What is Threat Hunting? A Definition for MSPs and Channel Partners

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Threat hunting can be defined in different ways. Most would define threat hunting as the proactive approach of using threat intelligence, alerts and log data, or even technical experience, to create and define testable hypotheses to find threats. unknowns, security vulnerabilities and potential security vulnerabilities.

Author: Anthony Smith, threat hunter, Huntress

I like to think of threat hunting as a science experiment with theories and data that need testing. It joins both human analysis and data analysis in an effort to read between the lines. More often than not, threat hunting is a proactive approach to cybersecurity and is an important addition to any security strategy.

The Evolution of Threat Hunting

While we’ve seen threat actors working around the clock to cause trouble, we’ve also seen threat hunting become a more popular practice in recent years. If you think about it, attackers have the first-hit advantage in most scenarios – their victims aren’t even aware of their presence until it’s too late. Threat hunting aims to solve this problem. Threat hunting is all about being proactive— it combines technical and behavioral analysis to help businesses stay ahead of the latest threats and detect them before they cause greater damage.

Dwell times have always been an issue. Threat actors have the ability to sneak into an environment unnoticed and maintain their perseverance for more than 200 days. Over the years we have brought this number up to ~70 days through the wider adoption of detection and response technology. But 70 days is still too much – it is in this gap between detection technology and adversary dwell time that we conduct our threat hunting operations.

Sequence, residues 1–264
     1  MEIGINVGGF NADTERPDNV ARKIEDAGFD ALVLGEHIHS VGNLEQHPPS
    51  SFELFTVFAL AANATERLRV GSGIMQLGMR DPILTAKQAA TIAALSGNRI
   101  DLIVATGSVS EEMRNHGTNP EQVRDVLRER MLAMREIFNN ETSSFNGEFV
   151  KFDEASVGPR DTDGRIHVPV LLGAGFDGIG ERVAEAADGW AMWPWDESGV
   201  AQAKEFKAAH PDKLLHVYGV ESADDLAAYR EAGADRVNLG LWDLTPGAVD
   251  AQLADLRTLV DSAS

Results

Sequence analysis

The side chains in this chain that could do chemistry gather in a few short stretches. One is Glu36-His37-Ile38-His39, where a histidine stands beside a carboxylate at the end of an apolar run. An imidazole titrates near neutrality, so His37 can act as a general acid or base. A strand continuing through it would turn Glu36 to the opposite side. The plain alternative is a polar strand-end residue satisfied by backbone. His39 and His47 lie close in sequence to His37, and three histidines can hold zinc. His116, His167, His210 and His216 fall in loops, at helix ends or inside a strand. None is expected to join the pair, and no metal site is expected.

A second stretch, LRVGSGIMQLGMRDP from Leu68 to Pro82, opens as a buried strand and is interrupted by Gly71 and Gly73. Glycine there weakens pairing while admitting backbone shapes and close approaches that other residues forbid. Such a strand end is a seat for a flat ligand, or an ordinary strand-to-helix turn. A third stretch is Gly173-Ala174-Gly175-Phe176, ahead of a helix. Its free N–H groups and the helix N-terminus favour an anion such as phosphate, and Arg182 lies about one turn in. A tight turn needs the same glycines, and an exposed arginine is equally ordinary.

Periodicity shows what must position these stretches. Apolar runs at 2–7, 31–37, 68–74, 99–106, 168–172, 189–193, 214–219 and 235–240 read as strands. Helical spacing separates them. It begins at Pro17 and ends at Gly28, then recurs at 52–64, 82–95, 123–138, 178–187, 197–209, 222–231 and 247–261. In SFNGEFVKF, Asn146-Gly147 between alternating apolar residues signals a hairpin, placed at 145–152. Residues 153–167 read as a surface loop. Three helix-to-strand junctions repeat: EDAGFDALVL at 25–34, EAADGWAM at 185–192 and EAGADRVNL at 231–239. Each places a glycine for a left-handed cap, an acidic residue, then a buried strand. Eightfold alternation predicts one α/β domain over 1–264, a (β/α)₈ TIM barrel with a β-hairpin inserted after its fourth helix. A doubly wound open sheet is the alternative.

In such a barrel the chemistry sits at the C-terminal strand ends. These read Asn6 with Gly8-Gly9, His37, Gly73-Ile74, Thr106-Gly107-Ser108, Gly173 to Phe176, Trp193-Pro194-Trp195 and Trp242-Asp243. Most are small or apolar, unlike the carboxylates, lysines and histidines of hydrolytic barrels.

Who are threat hunters?

Generally speaking, the job of a threat hunter is to proactively seek out threats before they can cause exponential damage to an organization. They analyze data to detect discrepancies and outliers, read and interpret threat intelligence feeds, develop and test hypotheses, look for patterns of suspicious activity, and seek to improve an organization’s security posture by identifying what is benign versus what is malicious. And because Threat Hunters try to find the needle in the haystack, they are often inherently curious, persistent, and like to solve problems and think outside the box.

Just as threat hunting hasn’t changed much since its inception, the “mindset” of a threat hunter hasn’t really changed. We’re always on the lookout for things out of the ordinary and chasing leads that almost always end up being red herrings…but we still love the hunt and we love our jobs.

If anything has changed, it’s the growing community of hunters and seekers helping each other and the concept of the ‘purple team’. But that’s a topic for another blog. 😉

Today, threat hunting consists of tons of research, finding information, and testing theories and ideas. And the community is always kicking off information and ideas that other researchers can use, test, and refine themselves and end up sharing the refinement or new leads with the community.

Threat Hunting Types

Everyone has their own approach or way of thinking about things, and that goes for researchers too. For my part, I like to think that there are four types of hunts: hunts based on intelligence, data, knowledge and of course, hybrid hunts.